Mid-Life Cycling

Mid-Life Cycling

25 October 2016

Now Drivers Can Cross The Line, And Cyclists Are Happy About It

Whenever I visit my parents in Florida, I get out and ride at least once.

Some rides--such as those along Route A1A, which rims the Atlantic Ocean--are beautiful and peaceful.  The calm is occasionally interrupted by traffic in popular beach towns like Flagler and Ormond Beaches, but for the most part, it's pretty orderly and no driver has done anything hostile or dangerous toward me.  Some, I suspect, may be cyclists, but the others just seemed like people who are relaxed and enjoying themselves, or simply courteous.




When I head inland from my parents' house, though, things change.  There, I find myself riding through wooded areas and swamps, or along rivers and creeks.  Those rides are also pleasant and enjoyable, but riding the one-, two- or even four-lane roads toward the Sunshine State's interior is a different experiences.  Although one encounters less traffic--on some roads, you can go for an hour or more without encountering a motor vehicle--the way drivers interact with me is very different.

On such roads, drivers leave less room when passing.  To be fair, many of those roads are very narrow.  But some drivers, it seems, just don't want to deviate even in the slightest from their path.  Or, perhaps, they are not cyclists and are therefore unaccustomed to us.  Indeed, I might be the only cyclist they see that day.  

I've also had drivers tail me even though they could easily pass me.  Then they would bang their horns in frustration and make a sudden swerve around me, affording me only a berth thinner than Benotto handlebar tape.

Then there were those who simply roar down the road as fast as the laws of physics will allow, stirring up whirlwinds of pebbles and dirt and wakes of rustling reeds and mussed-up hair.  They, perhaps, are the most disconcerting drivers of all.


From CBS North Carolina


I have never cycled in North Carolina, but I imagine that all of the scenarios I've described are pretty common.  Cyclists there have long  complained about cars and trucks passing close enough to "take the skin off the back of your hand", as more than one cyclist put it. Another cyclist, Randall Bennett, recalls his arm being clipped by the mirror of a passing car.

Apparently, a section of North Carolina traffic code all but mandated such behavior.  Until the beginning of this month, it was illegal for a driver in the Tar Heel State to cross over the center line to pass a cyclist.  Also, a driver was required to give a berth of only two feet to a cyclist he or she passed.

On the first of this month, changes that were made to House Bill 959 of the State Legislature went into effect.  As a result, it's now legal for a driver to cross over the center line to pass a cyclist, as long as there's an assured clear distance ahead and no oncoming traffic.  Also, drivers have to give cyclists more room--four feet instead of two--when passing.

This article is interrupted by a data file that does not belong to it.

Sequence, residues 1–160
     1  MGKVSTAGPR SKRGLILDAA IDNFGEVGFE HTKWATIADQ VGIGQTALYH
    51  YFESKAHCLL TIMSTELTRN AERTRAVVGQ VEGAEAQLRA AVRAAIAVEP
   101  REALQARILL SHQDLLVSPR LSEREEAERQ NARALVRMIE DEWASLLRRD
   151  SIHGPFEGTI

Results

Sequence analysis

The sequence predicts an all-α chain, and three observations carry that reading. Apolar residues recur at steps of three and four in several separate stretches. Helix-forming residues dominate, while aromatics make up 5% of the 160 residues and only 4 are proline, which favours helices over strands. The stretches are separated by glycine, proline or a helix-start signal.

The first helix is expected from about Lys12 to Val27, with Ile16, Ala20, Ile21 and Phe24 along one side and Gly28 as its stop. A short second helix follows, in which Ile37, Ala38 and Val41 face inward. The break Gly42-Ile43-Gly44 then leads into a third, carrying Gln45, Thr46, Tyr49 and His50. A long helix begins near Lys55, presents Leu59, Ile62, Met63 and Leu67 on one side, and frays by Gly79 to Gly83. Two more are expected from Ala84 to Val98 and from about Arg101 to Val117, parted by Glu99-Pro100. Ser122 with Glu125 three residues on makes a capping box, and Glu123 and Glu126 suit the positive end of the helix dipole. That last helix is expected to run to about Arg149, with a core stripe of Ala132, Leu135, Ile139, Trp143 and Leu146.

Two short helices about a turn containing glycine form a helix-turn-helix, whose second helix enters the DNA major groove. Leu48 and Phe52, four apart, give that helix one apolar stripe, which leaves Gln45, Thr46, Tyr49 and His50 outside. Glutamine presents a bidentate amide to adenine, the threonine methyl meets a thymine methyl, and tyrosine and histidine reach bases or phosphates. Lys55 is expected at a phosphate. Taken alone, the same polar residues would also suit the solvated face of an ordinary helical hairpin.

From what I've read, it seems that both cyclists and drivers are happy with the change:  Cyclists say that it makes conditions safer for them; drivers say the same thing and that it makes them less worried about incurring fines.

Let's hope that, down the road (pun intended), both sides see the results of the new law as a win-win situation.

4 comments:

  1. Let's hope the law will bring a change in drivers' behaviour, although i'm not given to optimism. i fear that a mere change of laws will not cause drivers to change their habits.

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  2. About forty years ago it became obligatory to use headlights when it rains, if I had $1 for everyone even now who flouts that law I would be richer than the orange candidate. Takes time...

    Was a time when nearly everyone had probably had an experience of cycling in their past and knew the dynamics, would be interesting to know the statistics.

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  3. Florida has long had a reputation as a bad place to cycle. In the 1985 classic "Miles From Nowhere" author Barbara Savage rated Florida as the worst place they ever rode. That's saying something since their round the world trip was 23,000 miles. To all the cycling brothers and sisters in Florida I say hang in there baby it's gotta get better.

    On a lighter note it's good to see my home state of NC passing a common sense law. Maybe this will partially redeem them after the asinine Potty Law. That one was straight out of the Redneck Playbook.

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  4. Mike--We can always hope, right?

    Coline--Hmm...If they can't enforce a regulation like the one you've described in Scotland, it would be completely pointless here! Still, I wish you had that dollar (or, better yet, pound) for every time you saw the law flouted: You'd have a Mercian or two by now!

    Phillip--Yes, Florida can be a scary place to ride just because it's so auto-centric. There are bike trails where my parents live but, of course, you can't go everywhere you want or need to go on them.

    Don't get me started on the Potty Law!

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